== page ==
NO ALCOHOL. NO FIREWORKS. That's how the hand-painted sign reads at the entrance to Sequim's Olympic Game Park. After a March 26 incident in which a 3-year-old boy was bitten and pulled from a truck by an angry zebra, the park may want to add a few more no's.
Unaware of the attack, I visited the park the following day with a friend and a visiting college classmate of ours. In an atlas entry on the Olympic Peninsula, the park was cited as the former home of lovable TV bear Gentle Ben. If it was good enough for Gentle Ben, we reasoned, it would likely be an improvement over the confining habitats offered by most zoos.
We were quickly disabused of the notion. The chipper booth attendant at the main gate informed us that the buffalo like to ram into vehicles and that the zebras "have been biting today." He then asked if we'd like some bread to feed these animals. I initially declined, but after seeing the look of bewilderment on his face relented. For an additional 50 cents we were given a stale loaf of Wonder bread. Jokingly, we asked if the other foodstuffs on board would also suffice.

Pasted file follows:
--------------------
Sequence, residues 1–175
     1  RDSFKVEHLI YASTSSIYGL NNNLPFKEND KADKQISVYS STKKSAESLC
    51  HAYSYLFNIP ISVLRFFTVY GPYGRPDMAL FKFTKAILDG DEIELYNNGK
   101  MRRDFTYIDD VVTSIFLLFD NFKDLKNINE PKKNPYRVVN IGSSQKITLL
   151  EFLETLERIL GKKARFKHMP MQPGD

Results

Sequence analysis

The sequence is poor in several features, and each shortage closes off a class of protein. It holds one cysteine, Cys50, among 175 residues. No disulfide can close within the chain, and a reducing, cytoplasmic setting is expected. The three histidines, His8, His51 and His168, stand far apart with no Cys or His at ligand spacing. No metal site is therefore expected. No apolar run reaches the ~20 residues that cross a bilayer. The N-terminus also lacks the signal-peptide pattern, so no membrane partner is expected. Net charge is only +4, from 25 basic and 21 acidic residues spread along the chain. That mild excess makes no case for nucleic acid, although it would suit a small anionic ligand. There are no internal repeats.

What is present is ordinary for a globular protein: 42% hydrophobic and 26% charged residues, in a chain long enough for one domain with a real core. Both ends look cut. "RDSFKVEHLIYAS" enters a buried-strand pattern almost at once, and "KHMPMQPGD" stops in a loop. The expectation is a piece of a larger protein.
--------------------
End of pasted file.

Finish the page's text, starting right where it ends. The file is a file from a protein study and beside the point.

Doritos? "I'm not sure, but I don't see why not."
Junior Mints? "You can give it a try," he chirped.
Off we went. Mildly interested peacocks, bunnies, and prairie dogs retrieved any bread chunks that weren't immediately seized by the far more enthusiastic seagulls. We were then greeted by an assertive llama. It went straight for the tops of the car windows, which were cracked just enough for us to make our doughy offerings. Soon, another equally militant llama and a yak joined the picnic. Five minutes of hilarity and genuine fear ensued as the trio set upon the car in a seemingly choreographed mugging while our dog (bad idea) went berserk.
Though a bit unsettling, the episode temporarily distracted us from the unease we felt about feeding wildlife cheap bread. We then passed some indifferent zebras and moved on to bear country. As we drove past, two Kodiak bears sat patiently facing the roadway. We tossed more bread. One of the bears gestured—not unlike a lonesome drunk motioning to the barkeep—for more. We continued, but shame had replaced the frivolity. The rest of the tour only confirmed our assessment that this place was worse than any zoo we'd ever visited.
PAUL FONTANA firstname.lastname@example.org